Since we knew that we did not have a clue how to properly disbud a goat, we took all of our goat kids to the vet last year to have the procedure done.  It turns out, the vet was a little shaky on the procedure, himself, and additionally neglected to mention that he did not have the right tools for the job.  We ended up paying a pretty penny for local anesthetic, painkillers, consultation fees, and a half-assed ‘procedure’ that was ultimately useless on our bucks (the girls were okay), leaving us with one buck kid with full horns, and another who had one horn and one scur (though he has currently broken that off, so he has one horn and one matted blood clot):


Boris horn and scur (clot)


Now, from my understanding, horn scurs are pretty common with buck goats.  A scur is where a true horn does not grow, but portion of the horn tissue does continue to grow, producing something that is sort of like a horn, but not nearly as strong or dangerous.  Something about the testosterone makes those buck horns defy disbudding attempts; girl goats rarely have this problem.  Even our foundation buck, Tuscan, who was properly disbudded, has horn scurs:


Tuscan horn scurs


The scurs are something of a pain in the rear.  Tuscan periodically catches his on the fence, and breaks one partially or completely off.  There tends to be a lot of blood involved, though it doesn’t seem to bother the goat very much.   However those remnant horn bits tend to curl pretty tightly to the goat’s head, rather than pointing up or out, where they can get properly stuck in, say, a fence, or hurt an innocent bystander, like, say, me.   Titan, who still has full horns, frequently pokes me with them when he is getting over-eager to get at the hay I am carrying…and he is a friendly and very docile boy.  I wouldn’t want to tangle with a scared or aggressive buck who had horns like that, I can assure you.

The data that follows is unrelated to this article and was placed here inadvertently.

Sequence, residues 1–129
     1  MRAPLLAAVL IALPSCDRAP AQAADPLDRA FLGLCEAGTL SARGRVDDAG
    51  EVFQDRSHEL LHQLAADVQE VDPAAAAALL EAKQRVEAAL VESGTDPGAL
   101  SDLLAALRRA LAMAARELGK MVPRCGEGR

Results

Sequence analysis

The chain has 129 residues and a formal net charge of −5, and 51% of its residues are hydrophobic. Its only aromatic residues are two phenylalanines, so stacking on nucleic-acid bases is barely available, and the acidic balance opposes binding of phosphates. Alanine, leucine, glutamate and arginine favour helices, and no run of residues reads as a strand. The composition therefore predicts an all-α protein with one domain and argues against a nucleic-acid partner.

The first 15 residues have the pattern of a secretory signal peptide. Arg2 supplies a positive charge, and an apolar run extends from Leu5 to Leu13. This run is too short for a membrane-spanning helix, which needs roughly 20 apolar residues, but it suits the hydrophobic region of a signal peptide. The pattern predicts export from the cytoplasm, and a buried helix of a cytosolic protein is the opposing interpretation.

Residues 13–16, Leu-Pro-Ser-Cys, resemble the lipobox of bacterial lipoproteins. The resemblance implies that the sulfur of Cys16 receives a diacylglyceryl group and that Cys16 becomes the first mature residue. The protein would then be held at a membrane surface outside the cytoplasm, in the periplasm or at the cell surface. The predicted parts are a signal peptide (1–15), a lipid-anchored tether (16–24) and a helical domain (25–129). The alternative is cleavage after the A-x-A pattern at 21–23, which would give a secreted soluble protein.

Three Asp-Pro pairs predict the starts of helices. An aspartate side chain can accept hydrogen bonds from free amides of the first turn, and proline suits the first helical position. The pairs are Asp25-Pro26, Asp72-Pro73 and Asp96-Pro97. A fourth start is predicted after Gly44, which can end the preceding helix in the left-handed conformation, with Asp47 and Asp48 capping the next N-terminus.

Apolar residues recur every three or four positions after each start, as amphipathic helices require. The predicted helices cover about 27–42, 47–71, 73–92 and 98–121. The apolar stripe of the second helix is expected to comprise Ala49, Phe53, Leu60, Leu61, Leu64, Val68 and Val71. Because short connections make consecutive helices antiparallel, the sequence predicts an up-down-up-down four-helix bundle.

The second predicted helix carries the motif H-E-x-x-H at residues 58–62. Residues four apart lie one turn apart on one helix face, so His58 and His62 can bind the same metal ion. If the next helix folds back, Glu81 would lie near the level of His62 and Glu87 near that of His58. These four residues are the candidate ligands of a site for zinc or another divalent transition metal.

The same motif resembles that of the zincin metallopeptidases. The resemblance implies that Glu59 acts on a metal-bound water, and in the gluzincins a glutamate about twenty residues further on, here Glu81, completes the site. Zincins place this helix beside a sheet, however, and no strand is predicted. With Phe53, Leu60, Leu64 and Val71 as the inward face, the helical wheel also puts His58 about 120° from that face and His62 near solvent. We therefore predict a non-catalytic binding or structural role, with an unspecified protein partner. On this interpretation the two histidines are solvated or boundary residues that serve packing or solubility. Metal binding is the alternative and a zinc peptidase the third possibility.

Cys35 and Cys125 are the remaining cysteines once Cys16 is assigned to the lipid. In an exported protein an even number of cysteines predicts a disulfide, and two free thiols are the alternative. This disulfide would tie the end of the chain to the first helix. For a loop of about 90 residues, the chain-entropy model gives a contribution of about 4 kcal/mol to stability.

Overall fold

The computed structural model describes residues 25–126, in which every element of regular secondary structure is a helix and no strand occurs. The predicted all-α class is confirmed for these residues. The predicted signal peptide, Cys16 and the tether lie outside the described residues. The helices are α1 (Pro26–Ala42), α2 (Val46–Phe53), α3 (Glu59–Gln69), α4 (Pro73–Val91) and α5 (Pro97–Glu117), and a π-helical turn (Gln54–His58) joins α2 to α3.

I am still quite frustrated that the vet charged us for a procedure that did not work…twice.  We took both boys back in when it became apparent that the horn buds were growing, despite the treatment.  We were quite shocked when we got mailed the bill.  This year, we are considering disbudding paste, as it is a real hit to pay the vet big bucks to end up with horned bucks anyhow, and not being able to sell them as a result.


Or, in a perfect world, we will end up with all girls…

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Garden Porn

Well, it’s that time of year again – the dead of winter doldrums have hit, so the seed companies take advantage by sending out their brightly-colored little catalogs of garden porn.  Naked seeds, laying suggestively on colorful cloths, dirty carrots, blushing tomatoes…the pictures on those shiny pages are enough to make any gardener shiver.  And covet.  And spend far more money than was strictly necessary, on things that there isn’t necessarily enough space for in the garden…yet…


Seed Catalogs


I always spend hours pouring over these catalogs, wanting.  Wanting to try all the different varieties, wanting to see how they grow, how they taste, what they really look like in my garden.  I have discovered that most of these things aren’t really suitable for neglectful gardeners in zone 2 dryland, where even hardy tomatoes and peppers and melons need a lot of watering and covering and coddling.  It does not seem to stop me, however.